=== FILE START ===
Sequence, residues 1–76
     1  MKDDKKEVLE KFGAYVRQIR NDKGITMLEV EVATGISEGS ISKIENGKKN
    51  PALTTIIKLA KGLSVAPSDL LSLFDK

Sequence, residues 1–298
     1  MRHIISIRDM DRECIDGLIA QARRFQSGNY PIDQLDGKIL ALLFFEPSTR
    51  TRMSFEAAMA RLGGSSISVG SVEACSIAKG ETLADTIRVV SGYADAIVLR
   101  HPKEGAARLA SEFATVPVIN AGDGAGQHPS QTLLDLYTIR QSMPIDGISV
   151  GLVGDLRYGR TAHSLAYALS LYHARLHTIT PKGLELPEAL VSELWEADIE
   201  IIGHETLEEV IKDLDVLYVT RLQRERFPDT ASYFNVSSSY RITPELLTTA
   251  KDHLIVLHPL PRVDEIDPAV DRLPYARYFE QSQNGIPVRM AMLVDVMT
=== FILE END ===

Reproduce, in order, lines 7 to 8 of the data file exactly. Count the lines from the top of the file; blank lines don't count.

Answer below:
   101  HPKEGAARLA SEFATVPVIN AGDGAGQHPS QTLLDLYTIR QSMPIDGISV
   151  GLVGDLRYGR TAHSLAYALS LYHARLHTIT PKGLELPEAL VSELWEADIE